Thursday, February 12, 2015


In his latest offering, conservative Australian cartoonist ZEG says the Labor party is out of ideas

Closing the Gap report 'profoundly disappointing', Tony Abbott says

Ever since the missionaries were booted out, Aborigines have been going backwards and there is no sign of that changing

Prime Minister Tony Abbott says he is hopeful the gap in Indigenous disadvantage will be bridged within the next two decades, but concedes the failures revealed in the Closing The Gap report, released today, are profoundly disappointing.

In an address to Parliament, Mr Abbott said the latest Closing the Gap report showed that overall, Aboriginal people were leading healthier lives but he acknowledged difficulties existed in improving Indigenous employment and education.

He said he was committed to working harder to get kids to school.  "As far as I am concerned, there is no more important cause than ensuring that Indigenous people enter fully into their rightful heritage as the first and as first-class citizens of this country," Mr Abbott said.

"We must strive and strive again to ensure that the first Australians never again feel like outcasts in their own country.

"In about 15 or 20 years, hopefully the gap will be closed, hopefully health outcomes will be much the same for Aboriginal Australians and the rest of us."

Closing the Gap 2015 key points

No progress in halving the gap in Indigenous employment outcomes

Small gains in Indigenous life expectancy

Early childhood enrolment target not met

No overall progress on halving reading and numeracy gap

Slower progress on infant mortality gap

On track to halve gap in Year 12 attainment

Mr Abbott reported to Parliament some improvements in education and health outcomes, but said the targets for closing the life expectancy gap, early childhood access, reading and numeracy and employment had either not been met or were not on track.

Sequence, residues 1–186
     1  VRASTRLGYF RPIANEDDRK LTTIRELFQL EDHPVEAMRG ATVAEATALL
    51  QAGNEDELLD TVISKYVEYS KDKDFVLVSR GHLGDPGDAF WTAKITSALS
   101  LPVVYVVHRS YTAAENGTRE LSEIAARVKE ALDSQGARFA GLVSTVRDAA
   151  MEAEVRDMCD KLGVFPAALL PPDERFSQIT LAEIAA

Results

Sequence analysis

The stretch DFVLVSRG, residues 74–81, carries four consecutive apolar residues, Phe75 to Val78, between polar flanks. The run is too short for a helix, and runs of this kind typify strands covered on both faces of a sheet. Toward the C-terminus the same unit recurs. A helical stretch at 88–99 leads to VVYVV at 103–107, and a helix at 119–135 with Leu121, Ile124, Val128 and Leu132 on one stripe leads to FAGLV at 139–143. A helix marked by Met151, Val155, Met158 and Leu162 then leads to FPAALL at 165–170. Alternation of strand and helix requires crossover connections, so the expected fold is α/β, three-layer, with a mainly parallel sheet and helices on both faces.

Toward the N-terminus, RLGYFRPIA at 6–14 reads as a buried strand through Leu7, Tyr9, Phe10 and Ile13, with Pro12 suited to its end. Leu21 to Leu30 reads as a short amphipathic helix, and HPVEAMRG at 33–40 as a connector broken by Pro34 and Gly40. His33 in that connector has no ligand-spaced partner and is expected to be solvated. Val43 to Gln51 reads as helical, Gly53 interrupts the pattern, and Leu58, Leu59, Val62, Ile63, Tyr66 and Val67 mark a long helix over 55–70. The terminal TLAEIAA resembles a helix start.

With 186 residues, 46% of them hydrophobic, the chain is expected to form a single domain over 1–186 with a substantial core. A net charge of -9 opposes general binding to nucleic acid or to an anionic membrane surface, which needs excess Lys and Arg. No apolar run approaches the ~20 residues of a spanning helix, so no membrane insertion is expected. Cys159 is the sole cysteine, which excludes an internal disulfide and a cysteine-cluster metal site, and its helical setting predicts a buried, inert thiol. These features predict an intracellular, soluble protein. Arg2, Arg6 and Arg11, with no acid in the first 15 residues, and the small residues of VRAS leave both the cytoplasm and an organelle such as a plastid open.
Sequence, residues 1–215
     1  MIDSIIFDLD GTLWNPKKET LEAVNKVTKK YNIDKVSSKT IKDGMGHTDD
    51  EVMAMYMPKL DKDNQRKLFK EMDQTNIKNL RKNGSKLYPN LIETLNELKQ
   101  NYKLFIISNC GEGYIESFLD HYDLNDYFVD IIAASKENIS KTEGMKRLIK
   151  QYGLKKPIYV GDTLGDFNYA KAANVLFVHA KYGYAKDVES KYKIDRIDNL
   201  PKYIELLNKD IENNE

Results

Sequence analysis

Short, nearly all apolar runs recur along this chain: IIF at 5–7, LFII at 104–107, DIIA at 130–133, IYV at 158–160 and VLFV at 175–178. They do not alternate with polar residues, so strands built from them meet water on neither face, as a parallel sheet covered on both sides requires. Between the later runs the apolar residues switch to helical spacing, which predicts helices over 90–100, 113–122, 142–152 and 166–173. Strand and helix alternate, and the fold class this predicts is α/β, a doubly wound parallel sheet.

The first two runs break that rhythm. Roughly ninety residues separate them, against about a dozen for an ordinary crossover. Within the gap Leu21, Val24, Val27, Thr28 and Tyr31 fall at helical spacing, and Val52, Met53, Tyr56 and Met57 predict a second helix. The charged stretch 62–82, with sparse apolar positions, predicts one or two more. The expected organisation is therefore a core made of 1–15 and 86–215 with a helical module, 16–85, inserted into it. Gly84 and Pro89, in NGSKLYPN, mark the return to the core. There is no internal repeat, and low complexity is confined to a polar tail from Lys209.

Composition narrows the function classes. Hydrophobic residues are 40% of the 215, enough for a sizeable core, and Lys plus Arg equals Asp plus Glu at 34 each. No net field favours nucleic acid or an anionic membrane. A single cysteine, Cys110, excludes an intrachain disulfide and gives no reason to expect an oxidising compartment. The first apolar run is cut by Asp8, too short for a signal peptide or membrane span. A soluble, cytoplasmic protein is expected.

"Much more work is indeed needed because this seventh Closing The Gap report is, in many respects, profoundly disappointing," he said.


Tasmanian Greenies fighting fracking

A NEW community group formed to raise awareness of fracking will hold a public meeting at Campbell Town next week.

Frack Free Tas is demanding a permanent ban of the controversial mining practice of fracking in Tasmania.  The group joins farmers, winemakers, the dairy industry and the State Government’s Department of Health in raising serious concerns about fracking, which is a technique designed to recover gas and oil from shale rock.

The concerns range from the potential for groundwater contamination to degrading the state’s clean, green image.

A State Government imposed 12-month moratorium on the practice ends next month.

Monday’s meeting is at 6pm at the Campbell Town town hall. There will be another public meeting in Hobart on Wednesday and a rally at Parliament Lawns in Hobart on February 28.

PetraGas, a subsidiary of oil and gas company Petratherm, was awarded a petroleum exploration licence earlier this year covering about 3900km2 in central Tasmania.

The state has coal resources, especially in southern and eastern Tasmania.

Cattle and sheep farmer Brett Hall has been a vocal member of a campaign to ­prevent fracking in the ­region. Mr Hall of Lemont, east of Oatlands, said the mining company had not answered questions about environmental risks associated with exploration and drilling.

Hydraulic fracturing, or fracking, has been used in NSW and Queensland for coal seam gas extraction. Only two shale gas wells have been drilled in Australia.

“Landholders need to know their rights in relation to exploration licences and also what happens when these resources are commercialised,” Mr Hall said.  “We have been able to secure some of the most highly regarded speakers in their area of expertise for the meeting.”

PetraGas says the proposed project would avoid methods that have caused debate interstate.

Managing director Terry Kallis said extractions from Tasmanian shale deposits would involve fracking, but would occur as deep as 1km underground and would pose no risk to aquifers